Experts offer advice on selecting the best products in the market
For Canadians with mortgages, rising interest rates may spell bad news, but they also promise higher returns for savings instruments like guaranteed investment certificates (GICs), which has rekindled interest in the assets.
According to a report by the Canadian Press, Mahima Poddar said that the demand for GICs has never been greater at EQ Bank, the bank's digital platform.
The senior vice-president and group head of personal banking at Equitable Bank said that GICs haven't been widely used in recent years, but with rates rising, they are now more appealing.
“I do think we’re going to see more and more people going back to GICs,” she said.
Ratehub.ca, a rate-monitoring website, reported that GIC rates are currently higher than 4%, with some deals for five-year investments nearing 5%.
Although the annual rate of inflation is higher than the rates offered by GICs, the guaranteed nature of the investment may be alluring to investors who have been hurt by the year's market correction.
“When you compare that to a guaranteed five per cent rate with no downside risk, it becomes incredibly attractive,” Poddar said.
GICs paid 1% to 1.5% in the spring of last year, but now they pay 4% to 5%, according to Naveen Senthamilselvan, director of strategic projects at Meridian Credit Union.
Although GICs can differ in terms of how fast a customer can access the money and their rate of return, he said it is still crucial to engage with an adviser to ensure you have the proper option.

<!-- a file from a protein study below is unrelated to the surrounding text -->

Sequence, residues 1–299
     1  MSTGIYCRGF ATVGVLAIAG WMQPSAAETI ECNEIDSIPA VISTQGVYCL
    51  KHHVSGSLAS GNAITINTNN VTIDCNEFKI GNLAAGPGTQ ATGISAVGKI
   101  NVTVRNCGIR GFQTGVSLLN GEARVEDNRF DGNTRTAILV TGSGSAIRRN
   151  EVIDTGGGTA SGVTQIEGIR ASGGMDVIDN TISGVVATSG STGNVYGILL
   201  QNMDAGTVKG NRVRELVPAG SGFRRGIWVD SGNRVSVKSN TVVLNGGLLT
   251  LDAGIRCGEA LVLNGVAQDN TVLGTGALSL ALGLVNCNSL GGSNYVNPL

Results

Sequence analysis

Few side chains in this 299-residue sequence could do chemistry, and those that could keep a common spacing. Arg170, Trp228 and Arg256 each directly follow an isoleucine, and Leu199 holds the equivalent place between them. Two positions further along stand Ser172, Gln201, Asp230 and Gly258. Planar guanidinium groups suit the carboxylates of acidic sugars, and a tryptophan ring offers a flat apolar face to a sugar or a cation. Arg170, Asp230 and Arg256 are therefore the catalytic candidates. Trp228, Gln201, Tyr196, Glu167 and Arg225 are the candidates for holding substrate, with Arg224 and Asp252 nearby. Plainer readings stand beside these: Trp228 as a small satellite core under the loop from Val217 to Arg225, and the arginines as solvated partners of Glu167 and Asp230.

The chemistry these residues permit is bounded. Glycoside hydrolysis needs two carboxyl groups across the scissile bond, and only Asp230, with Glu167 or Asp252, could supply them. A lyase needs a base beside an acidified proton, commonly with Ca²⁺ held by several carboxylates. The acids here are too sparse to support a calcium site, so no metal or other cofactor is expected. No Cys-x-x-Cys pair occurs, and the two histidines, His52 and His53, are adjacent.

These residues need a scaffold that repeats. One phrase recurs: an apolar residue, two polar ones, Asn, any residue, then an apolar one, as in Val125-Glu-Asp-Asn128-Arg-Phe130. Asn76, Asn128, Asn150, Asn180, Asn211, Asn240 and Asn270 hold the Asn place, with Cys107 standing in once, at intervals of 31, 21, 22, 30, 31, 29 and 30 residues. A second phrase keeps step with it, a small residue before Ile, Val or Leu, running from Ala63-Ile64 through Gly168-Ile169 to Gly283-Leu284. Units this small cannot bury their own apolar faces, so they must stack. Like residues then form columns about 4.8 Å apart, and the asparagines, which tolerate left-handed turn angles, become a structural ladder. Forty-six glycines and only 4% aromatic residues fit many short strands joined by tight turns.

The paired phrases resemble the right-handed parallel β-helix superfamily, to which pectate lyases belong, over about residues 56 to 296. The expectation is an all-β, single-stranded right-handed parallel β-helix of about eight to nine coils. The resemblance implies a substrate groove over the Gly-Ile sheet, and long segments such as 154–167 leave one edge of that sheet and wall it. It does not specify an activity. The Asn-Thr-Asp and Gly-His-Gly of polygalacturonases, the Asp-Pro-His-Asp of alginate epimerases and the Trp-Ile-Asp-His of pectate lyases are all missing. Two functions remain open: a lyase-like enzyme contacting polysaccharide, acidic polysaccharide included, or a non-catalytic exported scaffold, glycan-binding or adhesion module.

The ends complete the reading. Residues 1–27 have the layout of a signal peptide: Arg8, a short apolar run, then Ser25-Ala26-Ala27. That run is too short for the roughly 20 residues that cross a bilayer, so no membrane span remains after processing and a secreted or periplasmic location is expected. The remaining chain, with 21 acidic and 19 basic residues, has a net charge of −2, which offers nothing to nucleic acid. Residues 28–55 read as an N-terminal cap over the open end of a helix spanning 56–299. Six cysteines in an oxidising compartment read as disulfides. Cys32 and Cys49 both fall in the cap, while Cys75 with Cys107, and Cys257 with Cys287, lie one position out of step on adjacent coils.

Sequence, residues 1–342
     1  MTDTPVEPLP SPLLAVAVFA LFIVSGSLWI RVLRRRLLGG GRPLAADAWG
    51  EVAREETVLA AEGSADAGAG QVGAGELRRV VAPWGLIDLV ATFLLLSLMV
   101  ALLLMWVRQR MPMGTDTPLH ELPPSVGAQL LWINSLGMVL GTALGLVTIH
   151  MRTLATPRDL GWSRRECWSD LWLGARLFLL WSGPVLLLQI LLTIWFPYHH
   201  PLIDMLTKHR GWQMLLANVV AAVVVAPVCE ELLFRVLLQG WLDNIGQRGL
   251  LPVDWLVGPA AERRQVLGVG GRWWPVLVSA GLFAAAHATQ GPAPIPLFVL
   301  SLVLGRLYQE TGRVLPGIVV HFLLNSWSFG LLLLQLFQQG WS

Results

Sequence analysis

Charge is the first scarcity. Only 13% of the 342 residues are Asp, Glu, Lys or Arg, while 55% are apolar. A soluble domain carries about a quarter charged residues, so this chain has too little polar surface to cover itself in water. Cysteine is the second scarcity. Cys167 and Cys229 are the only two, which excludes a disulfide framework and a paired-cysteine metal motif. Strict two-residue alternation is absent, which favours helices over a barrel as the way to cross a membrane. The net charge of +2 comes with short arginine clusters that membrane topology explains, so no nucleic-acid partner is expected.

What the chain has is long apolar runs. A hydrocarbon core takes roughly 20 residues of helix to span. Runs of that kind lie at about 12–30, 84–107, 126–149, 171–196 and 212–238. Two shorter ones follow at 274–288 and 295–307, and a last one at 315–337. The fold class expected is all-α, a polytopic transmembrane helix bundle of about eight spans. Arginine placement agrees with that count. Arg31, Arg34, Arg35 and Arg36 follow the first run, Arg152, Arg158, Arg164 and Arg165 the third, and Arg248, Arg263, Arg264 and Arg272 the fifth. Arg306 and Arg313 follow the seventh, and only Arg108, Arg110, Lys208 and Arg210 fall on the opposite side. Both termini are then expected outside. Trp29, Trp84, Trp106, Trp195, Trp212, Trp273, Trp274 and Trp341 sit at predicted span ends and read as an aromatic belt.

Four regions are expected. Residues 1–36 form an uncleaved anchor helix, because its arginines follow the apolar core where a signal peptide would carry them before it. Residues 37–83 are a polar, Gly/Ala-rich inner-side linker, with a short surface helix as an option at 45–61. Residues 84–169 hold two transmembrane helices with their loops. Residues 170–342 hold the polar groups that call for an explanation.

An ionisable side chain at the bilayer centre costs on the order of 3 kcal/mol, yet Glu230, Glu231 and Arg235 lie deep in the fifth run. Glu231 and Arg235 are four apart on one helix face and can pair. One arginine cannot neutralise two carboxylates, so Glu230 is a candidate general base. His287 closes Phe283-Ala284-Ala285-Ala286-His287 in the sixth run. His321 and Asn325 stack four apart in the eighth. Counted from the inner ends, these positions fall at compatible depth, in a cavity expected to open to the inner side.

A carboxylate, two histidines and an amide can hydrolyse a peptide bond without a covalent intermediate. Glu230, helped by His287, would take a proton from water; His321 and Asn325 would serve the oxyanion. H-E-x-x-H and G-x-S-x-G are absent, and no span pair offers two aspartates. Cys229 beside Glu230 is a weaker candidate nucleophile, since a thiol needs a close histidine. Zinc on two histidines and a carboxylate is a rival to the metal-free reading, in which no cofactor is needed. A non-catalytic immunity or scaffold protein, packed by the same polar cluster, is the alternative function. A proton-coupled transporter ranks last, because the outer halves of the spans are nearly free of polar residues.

They can be redeemable or non-redeemable, depending on a consumer’s preference, with redeemable alternatives often yielding a lower interest rate.
The term's duration can also vary, with alternatives with longer terms typically giving higher interest rates. The interest payment schedules may vary between packages as well.
Many investors, according to Senthamilselvan, are considering a laddered plan in which a portion of their funds invested in GICs matures each year, providing them the opportunity to reinvest or redistribute a piece of their total investment.
Aarash Rafiaie, a financial consultant from RBC, advised that it's crucial for consumers to know why need the money because it will determine how it should be invested.
When compared to a bond or dividend-paying stock, Rafiaie said GICs can be a decent source of secure income, but depending on the choice, they may not be as easy to redeem once someone needs the cash. He noted that GICs are safer than bonds or stocks, which are subject to market fluctuations.
Poddar stated that it's crucial to compare rates while looking for a GIC because they will differ between institutions. Keeping track of rates as they approach renewal is also vital to find the best deal available.